Tag Archives: Catholic

The Grotto, Portland, OR

IMG_1055The Grotto, also known as  is National Sanctuary of Our Sorrowful Mother, is a 62-acre Catholic shrine and botanical garden which is administered by the Order of Friars Servants of Mary.

The Grotto is lovely and peaceful. By far the most unique part is the elevator, which is built adjacent to the 110′ cliff and has only two stops. I got on at the bottom, the location of Our Lady’s Grotto, a gift store, and the largest of the churches. and got off at the top, the site of the gardens, other smaller churches and religious artwork.  The grotto is a rock cave carved into the cliff and feature a life-size marble replica of Michelangelo’s Pieta.

The complex is free to visit, but there is a $5 charge to take the elevator. It’s well worth it. To learn more, look here.

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Chief Sealth’s (Seattle) Grave


13551673333_79569e9b49_b Chief Seattle’s grave site is located at 7076 NE South Street, Suquamish, in the Suquamish Tribal Cemetary just behind St. Peter’s Catholic Mission and north of Bainbridge Island. While we were there, several small groups came to pay their respects and some have left tokens, mostly shells, but also some art and coins. To either side of the headstone are tall, painted carvings. He was buried here in 1866 and the headstone was put into place in 1890. It is obviously from other photos on the internet, that the grave site has recently been improved.

Chief Sealth was born in 1786 and was a Chief of the Suquamish Tribe. The  city of Seattle was named after him.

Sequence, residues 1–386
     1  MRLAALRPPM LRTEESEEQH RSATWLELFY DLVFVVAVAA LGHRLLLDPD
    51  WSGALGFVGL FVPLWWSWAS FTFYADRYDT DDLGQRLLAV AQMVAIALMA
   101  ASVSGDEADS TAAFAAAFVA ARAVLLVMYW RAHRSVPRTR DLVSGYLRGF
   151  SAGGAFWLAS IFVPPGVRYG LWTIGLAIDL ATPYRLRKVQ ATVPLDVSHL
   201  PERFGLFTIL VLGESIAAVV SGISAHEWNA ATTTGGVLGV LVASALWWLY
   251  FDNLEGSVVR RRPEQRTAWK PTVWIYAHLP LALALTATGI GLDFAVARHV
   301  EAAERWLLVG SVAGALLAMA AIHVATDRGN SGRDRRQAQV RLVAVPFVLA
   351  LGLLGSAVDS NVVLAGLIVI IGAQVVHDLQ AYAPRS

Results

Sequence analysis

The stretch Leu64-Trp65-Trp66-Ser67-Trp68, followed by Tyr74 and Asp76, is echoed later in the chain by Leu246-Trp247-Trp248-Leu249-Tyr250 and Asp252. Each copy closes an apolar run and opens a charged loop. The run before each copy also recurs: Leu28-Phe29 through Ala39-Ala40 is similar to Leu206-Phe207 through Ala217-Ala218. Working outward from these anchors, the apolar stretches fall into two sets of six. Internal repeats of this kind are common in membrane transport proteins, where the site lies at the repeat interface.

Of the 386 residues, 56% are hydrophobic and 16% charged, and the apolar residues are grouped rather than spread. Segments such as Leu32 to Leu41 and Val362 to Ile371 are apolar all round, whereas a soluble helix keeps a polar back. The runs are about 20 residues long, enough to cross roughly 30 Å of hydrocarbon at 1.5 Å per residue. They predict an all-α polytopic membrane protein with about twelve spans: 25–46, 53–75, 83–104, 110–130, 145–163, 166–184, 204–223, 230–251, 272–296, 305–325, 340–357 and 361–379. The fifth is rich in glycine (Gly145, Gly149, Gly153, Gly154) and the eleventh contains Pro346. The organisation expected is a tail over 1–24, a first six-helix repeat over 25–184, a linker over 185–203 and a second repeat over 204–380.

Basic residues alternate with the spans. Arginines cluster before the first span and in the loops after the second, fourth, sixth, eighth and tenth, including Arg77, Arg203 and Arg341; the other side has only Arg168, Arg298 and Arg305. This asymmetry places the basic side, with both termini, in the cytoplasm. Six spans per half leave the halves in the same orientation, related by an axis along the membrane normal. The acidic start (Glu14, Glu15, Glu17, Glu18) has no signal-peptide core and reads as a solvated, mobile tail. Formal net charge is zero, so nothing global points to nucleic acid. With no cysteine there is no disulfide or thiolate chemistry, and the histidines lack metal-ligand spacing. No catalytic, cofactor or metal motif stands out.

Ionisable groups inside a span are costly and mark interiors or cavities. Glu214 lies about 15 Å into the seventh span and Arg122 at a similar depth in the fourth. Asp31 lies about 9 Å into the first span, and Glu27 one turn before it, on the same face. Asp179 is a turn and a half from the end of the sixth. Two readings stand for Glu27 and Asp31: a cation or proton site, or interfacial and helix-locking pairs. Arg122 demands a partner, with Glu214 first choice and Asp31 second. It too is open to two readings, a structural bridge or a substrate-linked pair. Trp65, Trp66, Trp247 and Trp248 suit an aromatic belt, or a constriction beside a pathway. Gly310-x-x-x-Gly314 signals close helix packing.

Saint Peter’s Catholic Church was built in 1902, replacing an older church. The windows of the current church were taken out of the original church.

More about the site can be found here.

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St. Rita of Cascia Italy Catholic Church

Originally uploaded by Gexydaf
Well, this new place of the day was more fun than I originally expected! I thought I would just take a quick photo of a small church that I admired. But when I looked up St. Rita of Cascia, she has quite a story!

She was married at 12 (yes, 12!) to an awful man who was eventually killed.

Her two sons planned to avenge their father’s murder, but Rita knew that murder was wrong, so she prayed for her sons to die instead. They did.

While praying to suffer like Jesus, a thorn from a crucifixion figure fell from the crown of thorns and left a deep wound in her forehead. This wound never healed.

Originally she was wanted to enter the monastery, but she was denied because of her husband’s deserved reputation. She was transported into the convent (though locked doors) by her three patron saints, including John the Baptist. At that point she was allowed to stay.

The church itself is simple and lovely. I was particularly impressed with the steeple and the mural over the entry door. The address is 1403 South Ainsworth, Tacoma.  The building was constructed in 1922 and is on the historic register.

The website Places of Worship states “A number of Jesuit parishes began as ministries to distinct ethnic communities. A good example is St. Rita of Cascia in Tacoma, Washington. Founded in 1922 to serve specifically the area’s Italian immigrants, it became a geographical parish in 1979. While the congregation is still predominantly Italian-American, it has welcomed a number of Vietnamese families. With 283 registered households, affording a real chance for members of the community to get to know one another, St. Rita has a genuine sense of a family.”  http://www.companymagazine.org/v222/placesofworship.htm

The website includes more information about services and mission. http://www.stritatacoma.org/index.php

Note:  The picture of Rita is not from the church.